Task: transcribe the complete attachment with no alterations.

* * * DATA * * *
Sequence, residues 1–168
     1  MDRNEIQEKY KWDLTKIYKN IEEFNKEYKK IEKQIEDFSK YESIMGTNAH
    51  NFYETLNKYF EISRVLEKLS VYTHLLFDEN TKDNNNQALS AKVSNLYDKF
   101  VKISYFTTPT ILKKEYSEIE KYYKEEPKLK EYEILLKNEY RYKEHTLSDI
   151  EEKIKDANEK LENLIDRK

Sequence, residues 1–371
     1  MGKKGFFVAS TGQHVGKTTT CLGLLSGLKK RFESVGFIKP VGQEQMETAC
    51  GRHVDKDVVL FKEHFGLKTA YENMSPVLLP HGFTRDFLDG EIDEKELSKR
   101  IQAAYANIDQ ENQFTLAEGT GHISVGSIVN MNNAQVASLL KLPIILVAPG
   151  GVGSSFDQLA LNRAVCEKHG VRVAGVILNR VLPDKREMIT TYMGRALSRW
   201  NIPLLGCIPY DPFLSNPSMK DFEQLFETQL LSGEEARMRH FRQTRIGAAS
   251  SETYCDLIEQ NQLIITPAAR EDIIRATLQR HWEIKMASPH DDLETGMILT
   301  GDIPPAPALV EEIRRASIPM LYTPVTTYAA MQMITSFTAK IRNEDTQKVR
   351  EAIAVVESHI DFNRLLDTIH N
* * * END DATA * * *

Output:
Sequence, residues 1–168
     1  MDRNEIQEKY KWDLTKIYKN IEEFNKEYKK IEKQIEDFSK YESIMGTNAH
    51  NFYETLNKYF EISRVLEKLS VYTHLLFDEN TKDNNNQALS AKVSNLYDKF
   101  VKISYFTTPT ILKKEYSEIE KYYKEEPKLK EYEILLKNEY RYKEHTLSDI
   151  EEKIKDANEK LENLIDRK

Sequence, residues 1–371
     1  MGKKGFFVAS TGQHVGKTTT CLGLLSGLKK RFESVGFIKP VGQEQMETAC
    51  GRHVDKDVVL FKEHFGLKTA YENMSPVLLP HGFTRDFLDG EIDEKELSKR
   101  IQAAYANIDQ ENQFTLAEGT GHISVGSIVN MNNAQVASLL KLPIILVAPG
   151  GVGSSFDQLA LNRAVCEKHG VRVAGVILNR VLPDKREMIT TYMGRALSRW
   201  NIPLLGCIPY DPFLSNPSMK DFEQLFETQL LSGEEARMRH FRQTRIGAAS
   251  SETYCDLIEQ NQLIITPAAR EDIIRATLQR HWEIKMASPH DDLETGMILT
   301  GDIPPAPALV EEIRRASIPM LYTPVTTYAA MQMITSFTAK IRNEDTQKVR
   351  EAIAVVESHI DFNRLLDTIH N